- Luca – French parents are just as likely as Americans to choose names from other cultures. And so the Italian Luca has been popular in both countries in recent years, ranked #185 in the US and in the French Top 100 in recent years. Another possibility? Enzo, ranked #369 in the US, and recently in the French Top Ten. While both would work beautifully in France and the US, I suspect that choosing Italian names doesn’t quite feel like the right approach.
- Theo – Alex always makes me think of Theo. The name ranked #311 in the US in 2014, and is definitely catching on, along with longer form Theodore. Just Theo has been in the French Top 20 in recent years, and is also popular in Quebec. A few other ends-in-o names that come to mind? Milo, Hugo, and Leo.
- Colin – Colin isn’t really current in France today, but it does have a history of use. The same might be said for the US. At #140, Colin is falling of use. But that might make Colin a perfect name that is widely known, but not frequently shared with other children your son’s age – the same way I’d describe Renée.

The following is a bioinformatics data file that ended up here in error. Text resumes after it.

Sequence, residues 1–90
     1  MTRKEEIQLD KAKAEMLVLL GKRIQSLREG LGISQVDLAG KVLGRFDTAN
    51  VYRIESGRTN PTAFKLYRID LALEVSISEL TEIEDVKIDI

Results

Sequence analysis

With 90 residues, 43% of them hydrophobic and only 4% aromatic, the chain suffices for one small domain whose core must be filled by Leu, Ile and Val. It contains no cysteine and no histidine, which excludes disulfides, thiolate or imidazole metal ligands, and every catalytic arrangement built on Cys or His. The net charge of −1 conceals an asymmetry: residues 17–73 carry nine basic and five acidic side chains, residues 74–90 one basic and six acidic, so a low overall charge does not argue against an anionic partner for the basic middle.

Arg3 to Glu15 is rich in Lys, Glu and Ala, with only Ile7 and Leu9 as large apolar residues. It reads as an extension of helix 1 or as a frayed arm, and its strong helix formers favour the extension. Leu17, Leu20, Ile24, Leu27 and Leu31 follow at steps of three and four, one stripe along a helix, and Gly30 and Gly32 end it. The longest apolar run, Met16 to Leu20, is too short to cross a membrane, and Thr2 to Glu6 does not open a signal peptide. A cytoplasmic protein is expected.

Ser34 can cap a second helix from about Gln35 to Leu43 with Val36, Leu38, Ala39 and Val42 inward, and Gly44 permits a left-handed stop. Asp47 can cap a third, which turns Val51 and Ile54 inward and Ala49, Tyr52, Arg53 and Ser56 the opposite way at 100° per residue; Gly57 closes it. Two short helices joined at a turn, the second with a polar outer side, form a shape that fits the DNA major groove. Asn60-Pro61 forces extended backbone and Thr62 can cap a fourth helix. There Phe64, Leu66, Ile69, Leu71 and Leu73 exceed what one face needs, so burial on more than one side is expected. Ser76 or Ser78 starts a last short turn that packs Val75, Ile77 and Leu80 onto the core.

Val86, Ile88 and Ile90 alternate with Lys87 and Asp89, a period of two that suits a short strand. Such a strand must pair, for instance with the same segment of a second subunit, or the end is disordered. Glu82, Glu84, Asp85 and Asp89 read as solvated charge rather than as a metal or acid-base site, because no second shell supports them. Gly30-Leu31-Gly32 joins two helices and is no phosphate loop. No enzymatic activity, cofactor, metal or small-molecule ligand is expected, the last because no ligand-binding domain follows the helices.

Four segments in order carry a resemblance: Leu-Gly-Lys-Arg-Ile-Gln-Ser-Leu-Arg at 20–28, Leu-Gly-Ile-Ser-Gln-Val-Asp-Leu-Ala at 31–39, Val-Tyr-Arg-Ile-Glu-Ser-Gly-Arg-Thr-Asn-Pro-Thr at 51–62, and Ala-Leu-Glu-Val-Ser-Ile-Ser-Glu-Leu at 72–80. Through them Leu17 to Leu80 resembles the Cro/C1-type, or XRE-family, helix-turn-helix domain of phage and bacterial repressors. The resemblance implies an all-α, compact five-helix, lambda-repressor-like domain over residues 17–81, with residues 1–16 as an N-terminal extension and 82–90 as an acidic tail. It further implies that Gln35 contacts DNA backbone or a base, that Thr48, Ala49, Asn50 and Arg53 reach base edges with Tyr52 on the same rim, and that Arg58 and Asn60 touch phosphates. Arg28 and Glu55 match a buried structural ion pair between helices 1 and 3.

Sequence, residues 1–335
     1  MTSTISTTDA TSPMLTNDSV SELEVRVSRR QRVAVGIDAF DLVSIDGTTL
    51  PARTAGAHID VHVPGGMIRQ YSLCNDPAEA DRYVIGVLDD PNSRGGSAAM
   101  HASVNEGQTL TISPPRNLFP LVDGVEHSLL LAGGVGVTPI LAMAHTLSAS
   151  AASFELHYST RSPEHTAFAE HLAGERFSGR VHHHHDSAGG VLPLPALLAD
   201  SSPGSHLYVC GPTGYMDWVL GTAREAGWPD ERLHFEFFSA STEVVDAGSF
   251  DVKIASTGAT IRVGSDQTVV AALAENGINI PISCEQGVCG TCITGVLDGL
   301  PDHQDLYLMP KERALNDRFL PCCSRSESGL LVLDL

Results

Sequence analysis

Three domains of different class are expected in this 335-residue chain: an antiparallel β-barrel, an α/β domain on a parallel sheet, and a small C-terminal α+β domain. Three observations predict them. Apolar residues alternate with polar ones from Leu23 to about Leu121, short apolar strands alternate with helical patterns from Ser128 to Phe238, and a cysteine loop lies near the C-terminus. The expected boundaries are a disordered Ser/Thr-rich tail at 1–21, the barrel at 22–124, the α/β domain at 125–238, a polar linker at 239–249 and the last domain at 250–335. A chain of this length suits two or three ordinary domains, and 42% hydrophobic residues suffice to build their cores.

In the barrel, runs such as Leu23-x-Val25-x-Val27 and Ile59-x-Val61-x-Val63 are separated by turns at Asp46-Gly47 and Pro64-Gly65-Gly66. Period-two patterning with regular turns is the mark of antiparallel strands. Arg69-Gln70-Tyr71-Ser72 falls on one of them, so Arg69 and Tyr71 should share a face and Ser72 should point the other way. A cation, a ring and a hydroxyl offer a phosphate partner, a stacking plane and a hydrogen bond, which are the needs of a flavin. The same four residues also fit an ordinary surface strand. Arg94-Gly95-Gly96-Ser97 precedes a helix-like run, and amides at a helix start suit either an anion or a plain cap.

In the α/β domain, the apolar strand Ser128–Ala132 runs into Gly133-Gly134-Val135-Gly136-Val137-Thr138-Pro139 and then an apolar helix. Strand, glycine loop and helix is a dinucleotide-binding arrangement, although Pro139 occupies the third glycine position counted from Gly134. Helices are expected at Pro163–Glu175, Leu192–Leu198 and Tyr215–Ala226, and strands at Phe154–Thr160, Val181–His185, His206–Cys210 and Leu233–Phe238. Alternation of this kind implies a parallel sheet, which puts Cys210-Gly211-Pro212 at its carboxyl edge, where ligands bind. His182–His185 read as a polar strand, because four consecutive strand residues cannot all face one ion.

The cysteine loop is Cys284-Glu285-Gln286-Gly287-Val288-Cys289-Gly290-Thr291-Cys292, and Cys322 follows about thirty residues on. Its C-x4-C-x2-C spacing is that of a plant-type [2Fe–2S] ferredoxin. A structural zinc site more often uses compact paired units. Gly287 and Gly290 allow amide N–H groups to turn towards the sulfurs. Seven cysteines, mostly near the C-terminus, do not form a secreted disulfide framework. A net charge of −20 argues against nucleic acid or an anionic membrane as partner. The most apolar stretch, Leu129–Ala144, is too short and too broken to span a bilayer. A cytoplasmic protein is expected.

- Nolan – Nolan is originally an Irish surname, and brings to mind baseball thanks to Nolan Ryan. But it’s also big in France, Quebec, and in the US Top 100 at #81.
- Tom/Thomas – Like many of the names that seem like strong possibilities, Tom and Thomas don’t feel especially French. But they are popular in France, as well as Quebec. Thomas ranked #54 in the US in 2014 – closer to Zachary and Dominic than Cedric.
None of these feel especially French, not in the way that Renée does. But when I look for French names for boys that could work in English and still retain a certain essential French style, I come up empty. Jules, Clement, Gaspard, Antoine, Laurent, and Maxime/Maxence all feel a little too off center to appeal to you both.